The Academy is working to protect endangered creatures and habitats, and helping to shape a sustainable future.
Gary Williams, Curator of Invertebrate Zoology, collects coral species in the Greater Farallones Marine Sanctuary
Gary Williams discovered this new sea whip species during one of the NOAA surveys
An ROV, used to survey the area and collect specimens, is lowered into the water
Chromoplexaura marki found in the surveyed area
One of the world’s most productive ocean ecosystems sits just outside the Academy’s back door, off California's west coast. It's home to 36 marine mammal species, countless seabirds, and some 25 endangered or threatened species. Part of this area has been protected for decades, since the establishment of the Greater Farallones National Marine Sanctuary (formerly Gulf of the Farallones) in 1981 and the Cordell Bank National Marine Sanctuary just to the north in 1989, but pressure to exploit resources just beyond their boundaries is ongoing.
To ensure the continued protection of this ecologically important region, especially from the oil and gas industry, which had expressed heightened interest in offshore drilling, the National Oceanic and Atmospheric Association (NOAA) proposed the expansion of the existing reserves. To bolster their arguments about the vital role this area plays and the unique conditions and organisms that make it special, the agency invited a team of scientists—including the Academy’s Gary Williams, a coral specialist—on several research trips to survey as-yet unexplored parts of the ocean floor in the area.
In March 2015, as a result of this work and the research team's extraordinary findings, NOAA expanded the two sanctuaries by 2,700 square miles, more than doubling the area previously covered. The expansion, and its new regulations, went into effect on June 9, 2015.
Priceless Production Zone
The expansion extends from Mendocino County’s Point Arena southeast to Bodega Bay, where it joins the area covered by the two original sanctuaries. It also stretches far to the west, protecting waters much farther out to sea and helping to ensure the continuation of the nutrient-rich upwelling that makes this part of the Pacific Ocean so productive.
The upwelling begins with powerful offshore currents that push water eastward toward California's west coast. When these currents reach the continental shelf and submerged seamounts surrounding the Farallon Islands and Cordell Bank, cold nutrient-rich water from the deep ocean is pushed up toward the surface. The nutrients propelled upward serve as the foundation for this entire ecosystem.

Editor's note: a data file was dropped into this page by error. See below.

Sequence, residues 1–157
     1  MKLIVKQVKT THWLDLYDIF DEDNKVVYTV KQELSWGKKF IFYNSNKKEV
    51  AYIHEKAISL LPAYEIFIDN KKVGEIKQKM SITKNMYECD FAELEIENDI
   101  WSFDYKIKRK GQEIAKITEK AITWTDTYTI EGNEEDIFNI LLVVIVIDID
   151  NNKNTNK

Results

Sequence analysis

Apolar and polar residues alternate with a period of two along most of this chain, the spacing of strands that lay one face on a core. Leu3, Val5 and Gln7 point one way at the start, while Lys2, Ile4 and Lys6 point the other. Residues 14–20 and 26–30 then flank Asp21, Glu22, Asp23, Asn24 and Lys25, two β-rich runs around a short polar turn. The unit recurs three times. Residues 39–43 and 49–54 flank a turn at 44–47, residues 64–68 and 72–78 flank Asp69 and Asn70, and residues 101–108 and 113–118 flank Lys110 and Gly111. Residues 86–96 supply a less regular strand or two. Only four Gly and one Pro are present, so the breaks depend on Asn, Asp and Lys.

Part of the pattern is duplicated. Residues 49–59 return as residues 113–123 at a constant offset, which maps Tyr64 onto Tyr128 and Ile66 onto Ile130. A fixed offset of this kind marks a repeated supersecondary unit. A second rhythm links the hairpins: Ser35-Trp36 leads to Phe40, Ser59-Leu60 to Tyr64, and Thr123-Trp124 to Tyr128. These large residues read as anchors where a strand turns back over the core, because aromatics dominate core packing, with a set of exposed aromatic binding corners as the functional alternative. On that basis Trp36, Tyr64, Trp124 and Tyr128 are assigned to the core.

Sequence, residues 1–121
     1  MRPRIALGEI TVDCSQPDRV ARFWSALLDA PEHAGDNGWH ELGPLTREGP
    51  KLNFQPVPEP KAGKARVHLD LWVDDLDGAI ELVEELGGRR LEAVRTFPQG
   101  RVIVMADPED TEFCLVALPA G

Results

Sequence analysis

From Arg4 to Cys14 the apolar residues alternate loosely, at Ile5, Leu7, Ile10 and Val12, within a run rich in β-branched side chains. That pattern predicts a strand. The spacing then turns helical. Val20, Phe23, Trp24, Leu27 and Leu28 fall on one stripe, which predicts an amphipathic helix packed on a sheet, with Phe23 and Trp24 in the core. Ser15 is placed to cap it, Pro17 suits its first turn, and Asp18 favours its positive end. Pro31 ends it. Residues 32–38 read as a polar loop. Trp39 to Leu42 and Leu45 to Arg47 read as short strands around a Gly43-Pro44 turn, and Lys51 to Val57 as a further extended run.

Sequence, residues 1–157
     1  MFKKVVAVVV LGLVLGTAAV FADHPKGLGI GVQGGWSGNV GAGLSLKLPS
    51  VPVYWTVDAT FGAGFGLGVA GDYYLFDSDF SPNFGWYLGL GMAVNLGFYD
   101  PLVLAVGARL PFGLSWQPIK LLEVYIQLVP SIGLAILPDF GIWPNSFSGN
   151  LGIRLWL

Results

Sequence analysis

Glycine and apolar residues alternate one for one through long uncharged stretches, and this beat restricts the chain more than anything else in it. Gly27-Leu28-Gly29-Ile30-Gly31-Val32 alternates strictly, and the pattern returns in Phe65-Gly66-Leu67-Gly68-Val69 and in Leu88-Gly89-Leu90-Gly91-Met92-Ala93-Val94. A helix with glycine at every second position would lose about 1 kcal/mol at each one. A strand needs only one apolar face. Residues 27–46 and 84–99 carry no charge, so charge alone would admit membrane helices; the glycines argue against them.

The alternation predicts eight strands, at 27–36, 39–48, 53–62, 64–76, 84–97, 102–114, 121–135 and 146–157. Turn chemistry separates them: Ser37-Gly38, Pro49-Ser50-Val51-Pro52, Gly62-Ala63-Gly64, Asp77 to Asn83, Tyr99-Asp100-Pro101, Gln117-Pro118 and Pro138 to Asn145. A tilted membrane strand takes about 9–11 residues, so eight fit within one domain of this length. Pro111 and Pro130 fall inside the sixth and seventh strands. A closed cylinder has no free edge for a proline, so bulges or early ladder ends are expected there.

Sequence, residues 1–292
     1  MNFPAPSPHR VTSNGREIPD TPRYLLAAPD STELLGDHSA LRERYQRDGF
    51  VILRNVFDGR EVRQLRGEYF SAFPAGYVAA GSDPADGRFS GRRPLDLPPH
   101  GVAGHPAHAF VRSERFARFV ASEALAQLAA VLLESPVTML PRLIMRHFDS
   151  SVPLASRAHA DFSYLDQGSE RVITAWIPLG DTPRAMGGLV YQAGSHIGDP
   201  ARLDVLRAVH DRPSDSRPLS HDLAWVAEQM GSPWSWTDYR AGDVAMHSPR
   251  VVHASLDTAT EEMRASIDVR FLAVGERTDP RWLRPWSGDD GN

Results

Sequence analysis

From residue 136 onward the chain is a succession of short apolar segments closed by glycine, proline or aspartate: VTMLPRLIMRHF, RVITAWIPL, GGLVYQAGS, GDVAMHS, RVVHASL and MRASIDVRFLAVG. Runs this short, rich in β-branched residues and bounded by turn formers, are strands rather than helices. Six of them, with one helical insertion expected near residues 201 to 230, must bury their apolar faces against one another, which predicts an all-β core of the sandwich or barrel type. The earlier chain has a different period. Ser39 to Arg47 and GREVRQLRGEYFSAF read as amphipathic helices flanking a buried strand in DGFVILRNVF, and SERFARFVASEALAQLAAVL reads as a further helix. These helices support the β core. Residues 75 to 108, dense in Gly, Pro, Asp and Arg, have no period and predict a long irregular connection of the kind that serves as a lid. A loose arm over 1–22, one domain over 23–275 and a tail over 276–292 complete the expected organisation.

They support the wide range of sea life that lives in these waters by providing food for fish, which in turn feed the marine mammals and seabirds that rely on this energy source during migrations or nesting. Any disturbance to the influx of nutrients to the area has the potential to affect the entire population that depends on them. To prevent this, the rules of the expansion also protect the area from oil drilling, mining, and ship discharges.
Octocorals in the Deep
Gary Williams, Curator of Invertebrate Zoology at the Academy, has discovered more than 100 species of corals during his career, so finding yet another one, 600 feet deep in what is now the Greater Farallones National Marine Sanctuary, might have just seemed like another proverbial feather in his cap. But his discovery also turned out to be a critical data point in the NOAA team's assessment.
Williams, an expert on octocorals, coral reefs, and deep-sea corals, accompanied two NOAA-led biodiversity surveys in the region in 2012 and 2014. He and the team used remotely operated vehicles (ROVs) tethered to the research vessel to collect specimens and take photographs of ocean life reaching 1,400 feet deep.
While exploring one of the areas, Williams spotted a gorgonian, or sea whip, coral that looked out of place in the rocky habitat he was surveying. He used the ROV’s “claw” to collect a sample to take back to the lab for analysis. Although he recognized the coral as belonging to the Leptogorgia genus, after comparing his new sample to other coral varieties, he determined that what he had found was indeed a new species.
The research team also documented dozens of other deep-water corals and sponges that provide valuable habitat for other types of organisms. Understanding the scope of the region’s communities is crucial to knowing how best to manage and protect the ocean. Williams said, “If you want to protect fisheries, which is what NOAA does, you want to protect the deep sea coral reefs as well.”